AAT (SA): The professional home for accounting technicians

“The Association of Accounting Technicians South Africa [AAT (SA)] adds value where CFOs and strategic people need to make decisions. If you get the work right at support staff level there are less errors, the quality of financial statements should be better, you should see shorter month-end periods and cleaner audits,” says Nadine Kater, General Manager of the organisation. We had a chat to Nadine about the organisation and where it fits into the industry, as well as what value it adds to finance professionals.

"My passion for education and training comes from the fact that it changes people's lives in a substantial way," says Nadine Kater, current General Manager of the Association of Accounting Technicians South Africa - AAT(SA). The former high school Accounting teacher's strong feelings about the value of education were perhaps also influenced by her forebears, as her father and grandparents were teachers too. "Education and training gives people not only an individual skill but something they can use to change their own circumstances and their family's circumstances. It creates a positive cycle out of poverty," Nadine adds.

Formed in October 2008, AAT(SA) works with the South African Institute of Chartered Accountants (SAICA) to professionalise finance support staff in the accounting profession. "AAT(SA) supports and regulates the profession for accounting technicians, registers them as members and encourages them to continue with continuing professional development (CPD)," explains Nadine, who is responsible for the accounting technician programmes.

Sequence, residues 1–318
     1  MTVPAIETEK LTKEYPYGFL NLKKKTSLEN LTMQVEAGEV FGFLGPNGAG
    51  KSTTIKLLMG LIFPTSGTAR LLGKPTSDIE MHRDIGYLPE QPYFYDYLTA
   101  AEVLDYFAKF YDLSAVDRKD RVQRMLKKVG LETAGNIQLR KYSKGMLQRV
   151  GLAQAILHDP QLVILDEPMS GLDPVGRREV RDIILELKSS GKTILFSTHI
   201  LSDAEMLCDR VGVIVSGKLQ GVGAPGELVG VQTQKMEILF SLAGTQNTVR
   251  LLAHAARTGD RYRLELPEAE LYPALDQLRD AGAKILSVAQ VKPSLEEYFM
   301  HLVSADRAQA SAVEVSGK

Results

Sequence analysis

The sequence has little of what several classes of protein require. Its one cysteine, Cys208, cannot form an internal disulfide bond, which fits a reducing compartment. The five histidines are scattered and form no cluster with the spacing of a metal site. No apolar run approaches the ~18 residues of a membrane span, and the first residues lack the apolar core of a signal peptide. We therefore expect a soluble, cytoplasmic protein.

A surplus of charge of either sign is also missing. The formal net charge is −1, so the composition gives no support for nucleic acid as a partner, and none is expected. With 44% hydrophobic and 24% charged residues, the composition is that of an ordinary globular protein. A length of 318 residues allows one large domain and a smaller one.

"We are the professional home for accounting technicians. While other professional bodies do have qualifications in this space, we are the only one that focuses on accounting technicians directly to professionalise their area of work."

The organisation adds quantifiable value to the finance profession. Nadine says that while there are a lot of qualifications available at senior level, to build strong finance capabilities in finance within an organisation you need to build your team where the work actually starts, and that's from the basic transaction level. "Developing competent staff at the basic, principle level of accounting adds value to the entire accounting process," she says. "It adds value where CFOs and strategic people need to make decisions. If you get the work right at support staff level there are less errors, the quality of financial statements should be better, you should see shorter month-end periods and cleaner audits."